Today’s esteemed thinker is not relegated to one person in particular, but to those who uphold and protect the Endangered Species Act of 1973. When it was passed by Congress “it recognized that our rich natural heritage is of “esthetic, ecological, educational, recreational, and scientific value to our Nation and its people.” The law prohibits any action that causes a “taking” of any listed species of endangered fish or wildlife. Likewise, import, export, interstate, and foreign commerce of listed species are all generally prohibited. The act provides a program for the conservation of threatened and endangered plants and animals and the habitats in which they are found.

Good-bye old friend

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Winter in St. Louis, Missouri… The year was 1976…It was cold…how cold…cold enough to need long underwear. The snow was piling up on the sky light and the battery in the car froze. Too cold and too far to walk to a store when between the pages of the Sears and Roebuck Catalog there they were… Women’s long underwear; I ordered a top and bottom in pink. Not a very monumental order, but at the time it saved my “hide”… literally.

… Fast forward to today… I just read that Sears will close its last store in Chicago, a city the retailer has called home for over a century. A part of me is feeling sad…perhaps it’s nostalgia… As such a tribute to Sears and Roebuck Company seems in order… it wasn’t the most glamorous place but it sure fit the need of many.

And so we say good-bye to a friend; a mail order company started in the 1880s that came to the rescue of many small towns. An American staple like apple pie, it grew into a retail chain of stores that feed the buying appetite of a growing nation.

A little help from our friends

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Labor Day is a time to reflect on those who came before, those who worked in conditions that were feeding the demand of a society at a time the country was embarking on a revolution… the Industrial Revolution.

Labor Day is a celebration for those who stood up and fought for the rights of all workers, and although we continue the battle for equal wages and protection for all workers, Labor Day is a reminder and a time to say, Thanks for your hard work.

Fur babies

The 21st century has changed our lifestyles in many ways; from the virtual world of social media to the free form spaces where we work. And not only have humans seen a change, but the communities we live in are much more animal aware catering to our pets. We have dog parks, comfort animals sitting on planes, and even daycare for our fur babies.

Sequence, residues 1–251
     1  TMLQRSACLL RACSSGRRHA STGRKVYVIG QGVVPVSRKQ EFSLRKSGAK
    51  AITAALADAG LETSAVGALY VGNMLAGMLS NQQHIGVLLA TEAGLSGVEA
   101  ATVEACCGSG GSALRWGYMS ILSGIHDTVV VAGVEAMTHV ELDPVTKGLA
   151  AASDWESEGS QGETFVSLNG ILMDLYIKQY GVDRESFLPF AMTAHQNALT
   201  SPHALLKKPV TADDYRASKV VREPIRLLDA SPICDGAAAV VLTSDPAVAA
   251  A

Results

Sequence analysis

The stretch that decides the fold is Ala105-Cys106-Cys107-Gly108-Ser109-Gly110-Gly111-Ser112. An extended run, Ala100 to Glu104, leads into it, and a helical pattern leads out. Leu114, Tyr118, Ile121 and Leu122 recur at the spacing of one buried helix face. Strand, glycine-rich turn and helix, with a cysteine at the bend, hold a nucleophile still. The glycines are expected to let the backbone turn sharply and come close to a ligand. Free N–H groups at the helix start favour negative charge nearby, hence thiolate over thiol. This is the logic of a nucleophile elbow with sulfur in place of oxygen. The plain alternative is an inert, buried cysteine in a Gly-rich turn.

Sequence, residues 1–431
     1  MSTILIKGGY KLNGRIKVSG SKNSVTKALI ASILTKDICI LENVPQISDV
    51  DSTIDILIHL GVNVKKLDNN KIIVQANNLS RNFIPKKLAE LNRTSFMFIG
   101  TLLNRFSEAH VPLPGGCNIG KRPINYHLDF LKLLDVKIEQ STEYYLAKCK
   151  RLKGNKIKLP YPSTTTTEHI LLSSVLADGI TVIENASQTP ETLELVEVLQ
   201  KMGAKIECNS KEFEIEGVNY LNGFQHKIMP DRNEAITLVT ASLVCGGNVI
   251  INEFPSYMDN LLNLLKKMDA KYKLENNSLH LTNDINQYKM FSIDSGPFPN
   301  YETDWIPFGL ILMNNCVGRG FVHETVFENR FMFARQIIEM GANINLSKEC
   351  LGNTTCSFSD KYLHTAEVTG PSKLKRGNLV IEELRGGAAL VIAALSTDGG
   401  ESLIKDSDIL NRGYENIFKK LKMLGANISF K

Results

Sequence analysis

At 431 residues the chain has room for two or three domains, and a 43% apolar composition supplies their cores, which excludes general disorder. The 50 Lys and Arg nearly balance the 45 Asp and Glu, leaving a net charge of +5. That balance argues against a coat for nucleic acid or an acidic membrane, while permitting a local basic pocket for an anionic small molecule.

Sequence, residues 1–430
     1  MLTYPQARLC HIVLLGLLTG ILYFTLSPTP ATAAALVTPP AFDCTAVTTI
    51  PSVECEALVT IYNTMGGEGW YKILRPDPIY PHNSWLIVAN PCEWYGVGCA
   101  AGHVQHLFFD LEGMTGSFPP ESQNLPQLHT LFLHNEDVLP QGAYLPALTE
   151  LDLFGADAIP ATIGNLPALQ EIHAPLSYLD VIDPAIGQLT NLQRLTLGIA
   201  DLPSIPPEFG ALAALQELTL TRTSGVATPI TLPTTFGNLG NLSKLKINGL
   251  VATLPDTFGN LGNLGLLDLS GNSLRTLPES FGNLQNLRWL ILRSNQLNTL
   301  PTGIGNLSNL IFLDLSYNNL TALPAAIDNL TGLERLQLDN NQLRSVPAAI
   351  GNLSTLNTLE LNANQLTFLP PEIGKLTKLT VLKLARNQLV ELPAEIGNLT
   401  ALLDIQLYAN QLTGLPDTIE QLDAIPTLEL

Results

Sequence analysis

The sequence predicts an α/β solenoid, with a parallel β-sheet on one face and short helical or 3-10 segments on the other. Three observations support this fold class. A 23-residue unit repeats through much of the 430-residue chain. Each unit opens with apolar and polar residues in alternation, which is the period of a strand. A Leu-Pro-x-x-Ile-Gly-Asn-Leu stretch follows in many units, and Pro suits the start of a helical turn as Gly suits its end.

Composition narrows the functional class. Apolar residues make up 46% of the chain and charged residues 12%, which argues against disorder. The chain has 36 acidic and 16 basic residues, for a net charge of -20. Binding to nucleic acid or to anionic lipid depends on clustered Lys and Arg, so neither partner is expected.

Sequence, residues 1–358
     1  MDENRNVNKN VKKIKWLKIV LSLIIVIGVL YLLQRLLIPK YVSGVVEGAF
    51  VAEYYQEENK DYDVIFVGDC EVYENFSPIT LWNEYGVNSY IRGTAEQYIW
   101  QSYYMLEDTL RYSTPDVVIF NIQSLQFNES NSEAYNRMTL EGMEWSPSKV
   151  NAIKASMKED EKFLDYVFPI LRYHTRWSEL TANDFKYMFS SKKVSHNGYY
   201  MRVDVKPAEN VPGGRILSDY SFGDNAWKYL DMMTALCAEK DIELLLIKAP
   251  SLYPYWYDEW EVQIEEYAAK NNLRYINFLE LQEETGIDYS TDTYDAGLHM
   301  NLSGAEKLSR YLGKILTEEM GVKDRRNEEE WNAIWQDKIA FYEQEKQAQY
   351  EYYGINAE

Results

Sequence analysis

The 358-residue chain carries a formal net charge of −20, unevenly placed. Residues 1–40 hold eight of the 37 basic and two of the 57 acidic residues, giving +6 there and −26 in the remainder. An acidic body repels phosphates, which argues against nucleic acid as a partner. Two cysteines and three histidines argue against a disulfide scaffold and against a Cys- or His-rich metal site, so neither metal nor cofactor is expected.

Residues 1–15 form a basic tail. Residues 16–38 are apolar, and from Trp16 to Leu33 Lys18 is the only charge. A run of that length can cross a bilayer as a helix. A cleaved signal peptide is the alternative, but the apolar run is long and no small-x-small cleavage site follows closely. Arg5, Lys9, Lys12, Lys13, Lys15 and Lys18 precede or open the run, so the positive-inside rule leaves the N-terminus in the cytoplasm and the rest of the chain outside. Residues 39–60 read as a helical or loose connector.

Today’s work place for some have become a bit friendlier, to pets that is. There are those who spend their day in the office with the companionship of their best friend… which is often not human. So, just to drive the point home, I have taken time to draw you a picture…literally… !

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Take your cat(s) to work day!

take your dog to work day

Take your dog(s) to work day!

A whale of an idea

 

Who among uswhale of a shower_small can resist the beauty of water; it takes a multitude of forms and allows our senses to go through as many sensations and emotions as there are ways. The oceans’ shores are mesmerizing with their soothing churn of the tide… where eyes gaze out onto a distant horizon line and then our curiosity leaps over and steps beyond. The thunder of the river foams as though boiling in anger, crashing and cascading over rocks pounding and pummeling all in its path. The misty rain can be as gentle as an atomizer or as harsh as a hailstorm of pebbles. It can put one to sleep or wake us out of a sound dream.

And so, water holds great power over humanity, although most do not think much about it taking its existence for granted that it will always there, available, and clean…yet like all things in nature, the Earth is in a constant flux; changing ever so slightly as with erosion or with one grand natural disaster, as in an earthquake. Nevertheless, what does not change is the simple fact about water… we are beholden to it…

It’s in the wild

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It’s summer, the season for vacation, hanging out on the beach, sunning with friends, or just plain reading.

It’s also time for this author to bask in the satisfaction of  having completed another book and more so, to see it in the wild! Here’s to summer!